Representing time is an endless fount of innovative inquiry. In this lecture, we’ll consider alternative representations of time in history and the arts. This lecture includes materials from:
Here’s Standard Time, a 24-hour performance by Mark Formanek in which a clock is rebuilt every minute:
Here’s Sweeper Clock by Maarten Bas, a movie featuring two men with brooms pushing lines of debris to form moving clock hands.
Joshua Foer has done such an excellent job, it is best just to link to his A Minor History of Time Without Clocks. Let’s pay special attention to the following:
- 1600’s Cannon Dial
- 1633 Kircher’s sunflower clock, set by the heliotropism of a flower
- 1728 Sawai Jai Singh’s 90-foot tall sundial, accurate to 2 seconds
- 1733 Moon dial, read by the shadow of the moon
- 1751 Linnaeus’s flower clock, read from the opening of flowers
- 1929 “aktograph”, or bean leaf movement clock
Another, All the Minutes is a clock comprised of tweets about the current time.
A well-known ‘crowdsourced’ clock (in a different sense) is Christian Marclay’s Clock, a 24-hour film made up of six or seven thousand clips, each of which either says or displays the (actual) time of day or makes a cogent reference to time.
I have a hunch these clips won’t have a long lifespan on that video hosting site.
Let’s start with something simple. In The Colour Clock displays the current time as a hexadecimal color. Hours = red, minutes = green, seconds = blue. There you go; glad that’s over with. In case you were wondering, more than several people have thought of this. Low hanging fruit.
Now let’s go back in history. Here are John Maeda’s 12 O’Clocks from 1996. (Run actual application!). If the real apps (OS9) don’t work any longer, here’s a video (jump to 4’00”):
The elegant video-slitscan-based Last Clock, by Jussi Angesleva & Ross Cooper:
Another elegant software clock is Dot Clock, by Vendian, which uses one dot to represent every second in the day:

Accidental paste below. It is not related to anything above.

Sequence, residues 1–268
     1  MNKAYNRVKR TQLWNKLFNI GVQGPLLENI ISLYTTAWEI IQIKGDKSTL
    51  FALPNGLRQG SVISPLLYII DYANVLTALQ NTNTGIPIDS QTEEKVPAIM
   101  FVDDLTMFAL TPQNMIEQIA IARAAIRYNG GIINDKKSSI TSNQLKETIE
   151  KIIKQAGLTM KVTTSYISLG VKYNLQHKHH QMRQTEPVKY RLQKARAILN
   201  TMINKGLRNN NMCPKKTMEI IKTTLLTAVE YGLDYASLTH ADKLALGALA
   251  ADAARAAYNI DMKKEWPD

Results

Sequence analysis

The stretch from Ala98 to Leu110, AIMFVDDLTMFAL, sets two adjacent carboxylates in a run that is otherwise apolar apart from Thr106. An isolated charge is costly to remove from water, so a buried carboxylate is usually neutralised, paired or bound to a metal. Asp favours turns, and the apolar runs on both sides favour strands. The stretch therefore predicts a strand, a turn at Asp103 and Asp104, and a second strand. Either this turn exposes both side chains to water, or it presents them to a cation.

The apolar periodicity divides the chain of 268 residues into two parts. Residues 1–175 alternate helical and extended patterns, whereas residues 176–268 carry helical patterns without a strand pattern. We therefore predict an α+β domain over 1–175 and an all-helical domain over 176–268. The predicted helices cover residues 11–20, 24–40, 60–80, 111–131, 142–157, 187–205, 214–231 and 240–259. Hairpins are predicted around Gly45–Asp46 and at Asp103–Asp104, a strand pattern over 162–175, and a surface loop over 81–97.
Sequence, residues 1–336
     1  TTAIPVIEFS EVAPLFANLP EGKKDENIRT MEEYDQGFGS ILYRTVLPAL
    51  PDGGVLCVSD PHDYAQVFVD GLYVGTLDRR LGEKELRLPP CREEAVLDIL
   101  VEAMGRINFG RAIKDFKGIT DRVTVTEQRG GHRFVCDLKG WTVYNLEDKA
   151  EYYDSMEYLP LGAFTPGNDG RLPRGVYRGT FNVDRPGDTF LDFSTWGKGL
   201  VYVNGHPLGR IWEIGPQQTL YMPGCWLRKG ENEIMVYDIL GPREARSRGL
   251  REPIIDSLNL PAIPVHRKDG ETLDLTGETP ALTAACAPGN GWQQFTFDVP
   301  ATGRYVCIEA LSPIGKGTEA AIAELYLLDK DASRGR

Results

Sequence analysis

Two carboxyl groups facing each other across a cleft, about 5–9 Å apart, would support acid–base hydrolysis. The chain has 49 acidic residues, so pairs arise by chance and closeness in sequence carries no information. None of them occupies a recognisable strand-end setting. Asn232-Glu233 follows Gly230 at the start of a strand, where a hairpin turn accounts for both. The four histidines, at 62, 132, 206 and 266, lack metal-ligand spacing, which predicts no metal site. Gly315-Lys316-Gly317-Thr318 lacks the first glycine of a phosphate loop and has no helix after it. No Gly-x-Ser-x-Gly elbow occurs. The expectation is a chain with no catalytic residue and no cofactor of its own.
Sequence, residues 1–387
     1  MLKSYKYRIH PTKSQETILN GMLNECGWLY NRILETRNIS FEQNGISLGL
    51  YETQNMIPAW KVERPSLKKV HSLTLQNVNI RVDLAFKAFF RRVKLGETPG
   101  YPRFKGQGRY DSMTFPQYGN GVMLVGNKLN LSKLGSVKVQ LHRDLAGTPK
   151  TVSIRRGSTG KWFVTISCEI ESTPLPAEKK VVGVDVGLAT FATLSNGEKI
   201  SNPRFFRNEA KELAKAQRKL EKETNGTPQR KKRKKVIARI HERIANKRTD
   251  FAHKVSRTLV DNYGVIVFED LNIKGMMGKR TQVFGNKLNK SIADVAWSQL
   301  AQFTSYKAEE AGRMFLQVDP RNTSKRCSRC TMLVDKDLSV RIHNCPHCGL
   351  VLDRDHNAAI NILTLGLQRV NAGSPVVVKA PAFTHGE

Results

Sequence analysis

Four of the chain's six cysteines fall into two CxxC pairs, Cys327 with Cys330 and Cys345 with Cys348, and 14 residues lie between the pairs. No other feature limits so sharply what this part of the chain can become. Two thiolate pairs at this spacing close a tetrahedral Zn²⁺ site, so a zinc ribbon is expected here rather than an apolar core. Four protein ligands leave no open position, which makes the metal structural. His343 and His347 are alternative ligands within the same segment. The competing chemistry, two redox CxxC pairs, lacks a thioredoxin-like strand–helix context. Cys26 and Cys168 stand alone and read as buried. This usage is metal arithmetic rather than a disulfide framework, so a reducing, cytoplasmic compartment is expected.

Here’s the simple but effective Polar Clock (live version) by Gabriel Mak:
Color Clock (live) by Aer Studio:
In Pong Clock, a modified game of Pong, two computer-controlled NPC’s constantly score the time.
Here’s an interactive clock (Java applet) I created for John Maeda’s assignment in 1999.
My student Greg Vassallo made this in 2005 (show Processing applet)
My student Lee Byron made this, Center Clock (Java applet) in 2006:
Clever New Mechanics
A sundial watch is not such a crazy idea. Here’s a new version from the creative people at P9:
Many of you probably know DropClock:
The Clock Clock, by the Stockholm-based designers, HumansSince1982:
These humans aren’t messing around. Here’s their “A Million Times” clock:
Art Lebedev’s Segmentus Clock:
In this clock designed by Giha Woo and Shingoeun, a single spiraling arm indicates the time in different countries around the world, simultaneously.
Taiwanese designer Yen-Wen Tseng has designed a clock, “Hand in Hand”, where the hands are linked by two more pivoting arms:
Dutch product designer Sander Mulder has designed a wall clock, “Continue Time”, with a single, articulated arm that can display hours, minutes and seconds all at once. The lightning-shaped mechanical arm continually changes shape over a 12 hour period (jump to 1’00”):
In some situations, it may not be necessary for a clock to “work” mechanically in order for it to “operate” powerfully. Below are clocks which are frozen at 8:15am, the moment when the Hiroshima bomb detonated, when Kengo Nikawa’s pocketwatch stopped forever.
In another situation, a clock may simply be working so slowly that it never appears to be working in our lifetime. The Clock of the Long Now, designed to last 10,000 years, ticks once per year and chimes once per century. As such, it fosters long-term thinking and remains an important symbol of hope for the future.